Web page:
This paper offers a preliminary and contemporaneous interpretation of the armed conflict in the Kamarob Gorge of Tajikistan between the national government and a local ‘mujohid’ group in late-2010. It does so via insights from ethnographic research prior to the violence, communications from local observers during the violence, and through the conceptual lens of local politics. A local politics approach analyses conflict neither in terms of global Islamic-secular confrontation nor national or international ethnopolitics. Rather, it draws attention to the specific dynamics of governance and business, which brought violence to this particular part of Tajikistan. We find a basis for centre-periphery conflict over political control and lootable resources but a lack of widespread support for the armed resistance. In such circumstances the relatively rapid breakdown of the ‘Islamist insurgency’ against the state should be of no surprise. We argue that this does not indicate the relative strength of the state versus society, not least because of the evident weakness of the armed forces of Tajikistan during the military campaign. Rather it suggests that militant Islam has little support in Kamarob, that local elites lack the capacity and interests to pursue an insurgency against the regime, and that these local political struggles are largely detached from the concerns of everyday life. However, we note that the Government of Tajikistan’s response to the violence – an intensified national campaign against Islamic education and the legal Islamic Renaissance Party – risks, in the long- term, creating the very militancy that it is supposed to counter.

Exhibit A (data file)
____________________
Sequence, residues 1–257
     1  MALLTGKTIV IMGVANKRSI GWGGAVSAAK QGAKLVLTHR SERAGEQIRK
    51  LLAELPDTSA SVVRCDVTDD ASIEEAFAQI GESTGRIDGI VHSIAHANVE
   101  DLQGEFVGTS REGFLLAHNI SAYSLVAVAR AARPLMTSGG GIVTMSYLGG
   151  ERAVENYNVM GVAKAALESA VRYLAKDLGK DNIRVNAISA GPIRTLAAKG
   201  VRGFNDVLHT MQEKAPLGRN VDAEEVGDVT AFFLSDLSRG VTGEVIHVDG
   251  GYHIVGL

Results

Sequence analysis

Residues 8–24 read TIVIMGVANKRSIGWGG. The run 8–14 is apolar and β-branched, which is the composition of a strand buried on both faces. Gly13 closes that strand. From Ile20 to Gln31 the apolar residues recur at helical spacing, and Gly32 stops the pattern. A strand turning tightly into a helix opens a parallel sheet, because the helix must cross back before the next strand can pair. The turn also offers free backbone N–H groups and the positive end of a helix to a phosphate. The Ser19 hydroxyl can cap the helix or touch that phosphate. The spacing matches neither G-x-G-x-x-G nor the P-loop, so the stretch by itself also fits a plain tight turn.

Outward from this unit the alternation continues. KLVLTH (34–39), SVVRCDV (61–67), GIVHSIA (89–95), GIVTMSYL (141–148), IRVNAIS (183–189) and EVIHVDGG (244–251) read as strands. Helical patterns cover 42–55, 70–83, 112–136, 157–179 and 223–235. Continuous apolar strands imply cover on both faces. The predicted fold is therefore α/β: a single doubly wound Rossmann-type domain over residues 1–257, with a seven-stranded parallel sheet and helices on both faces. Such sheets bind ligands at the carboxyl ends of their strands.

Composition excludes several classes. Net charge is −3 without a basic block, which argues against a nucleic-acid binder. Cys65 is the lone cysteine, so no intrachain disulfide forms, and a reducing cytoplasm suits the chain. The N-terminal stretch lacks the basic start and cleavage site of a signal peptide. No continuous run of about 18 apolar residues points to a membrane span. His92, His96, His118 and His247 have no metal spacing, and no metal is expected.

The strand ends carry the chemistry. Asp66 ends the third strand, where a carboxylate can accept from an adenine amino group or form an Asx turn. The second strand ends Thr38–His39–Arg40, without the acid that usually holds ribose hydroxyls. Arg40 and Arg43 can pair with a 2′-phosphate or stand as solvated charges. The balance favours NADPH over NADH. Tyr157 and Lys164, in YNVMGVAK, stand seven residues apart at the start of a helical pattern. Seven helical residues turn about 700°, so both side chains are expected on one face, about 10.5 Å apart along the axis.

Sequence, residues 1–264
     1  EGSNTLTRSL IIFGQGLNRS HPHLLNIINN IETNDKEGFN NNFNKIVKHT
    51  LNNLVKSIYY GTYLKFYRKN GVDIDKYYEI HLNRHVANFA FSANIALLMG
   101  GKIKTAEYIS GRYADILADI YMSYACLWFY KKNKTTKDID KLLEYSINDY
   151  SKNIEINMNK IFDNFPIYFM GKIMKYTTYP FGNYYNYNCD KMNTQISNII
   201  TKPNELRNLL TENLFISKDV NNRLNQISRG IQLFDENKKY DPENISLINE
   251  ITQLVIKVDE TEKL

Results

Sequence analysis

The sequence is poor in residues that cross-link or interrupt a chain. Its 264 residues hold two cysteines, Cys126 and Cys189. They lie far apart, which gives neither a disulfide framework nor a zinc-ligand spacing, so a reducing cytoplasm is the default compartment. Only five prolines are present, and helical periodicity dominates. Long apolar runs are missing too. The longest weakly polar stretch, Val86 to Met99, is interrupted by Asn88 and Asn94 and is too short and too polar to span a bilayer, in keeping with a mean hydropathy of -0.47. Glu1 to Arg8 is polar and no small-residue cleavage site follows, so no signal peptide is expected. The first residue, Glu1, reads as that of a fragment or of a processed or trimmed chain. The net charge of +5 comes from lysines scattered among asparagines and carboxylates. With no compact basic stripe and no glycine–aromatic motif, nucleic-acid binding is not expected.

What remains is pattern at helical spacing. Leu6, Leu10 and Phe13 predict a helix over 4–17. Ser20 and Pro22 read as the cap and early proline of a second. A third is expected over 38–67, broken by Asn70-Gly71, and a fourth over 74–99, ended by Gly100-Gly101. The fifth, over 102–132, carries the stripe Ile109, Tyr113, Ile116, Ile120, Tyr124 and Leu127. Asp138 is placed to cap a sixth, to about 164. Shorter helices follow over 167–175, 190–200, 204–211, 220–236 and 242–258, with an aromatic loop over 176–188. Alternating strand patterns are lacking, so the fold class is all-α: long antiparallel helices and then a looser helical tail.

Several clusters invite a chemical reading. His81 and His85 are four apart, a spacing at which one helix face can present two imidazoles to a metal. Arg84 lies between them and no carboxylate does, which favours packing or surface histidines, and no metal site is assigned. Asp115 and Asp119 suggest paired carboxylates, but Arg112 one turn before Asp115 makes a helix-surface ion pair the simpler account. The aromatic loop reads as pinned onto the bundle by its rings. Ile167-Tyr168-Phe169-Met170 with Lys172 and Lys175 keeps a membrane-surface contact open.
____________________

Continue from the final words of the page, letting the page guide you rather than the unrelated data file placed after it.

Ethnopolitics Paper No. 9